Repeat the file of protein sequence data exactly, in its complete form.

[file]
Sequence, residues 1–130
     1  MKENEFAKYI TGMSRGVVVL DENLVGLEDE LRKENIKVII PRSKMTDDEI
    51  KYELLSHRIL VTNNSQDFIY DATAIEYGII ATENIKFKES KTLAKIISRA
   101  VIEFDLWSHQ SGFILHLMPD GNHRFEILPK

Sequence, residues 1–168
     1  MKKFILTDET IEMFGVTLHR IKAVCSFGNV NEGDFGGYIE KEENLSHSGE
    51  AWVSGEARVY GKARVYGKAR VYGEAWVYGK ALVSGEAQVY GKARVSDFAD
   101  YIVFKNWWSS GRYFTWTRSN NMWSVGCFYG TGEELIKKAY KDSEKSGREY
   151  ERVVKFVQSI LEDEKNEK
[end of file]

Sequence, residues 1–130
     1  MKENEFAKYI TGMSRGVVVL DENLVGLEDE LRKENIKVII PRSKMTDDEI
    51  KYELLSHRIL VTNNSQDFIY DATAIEYGII ATENIKFKES KTLAKIISRA
   101  VIEFDLWSHQ SGFILHLMPD GNHRFEILPK

Sequence, residues 1–168
     1  MKKFILTDET IEMFGVTLHR IKAVCSFGNV NEGDFGGYIE KEENLSHSGE
    51  AWVSGEARVY GKARVYGKAR VYGEAWVYGK ALVSGEAQVY GKARVSDFAD
   101  YIVFKNWWSS GRYFTWTRSN NMWSVGCFYG TGEELIKKAY KDSEKSGREY
   151  ERVVKFVQSI LEDEKNEK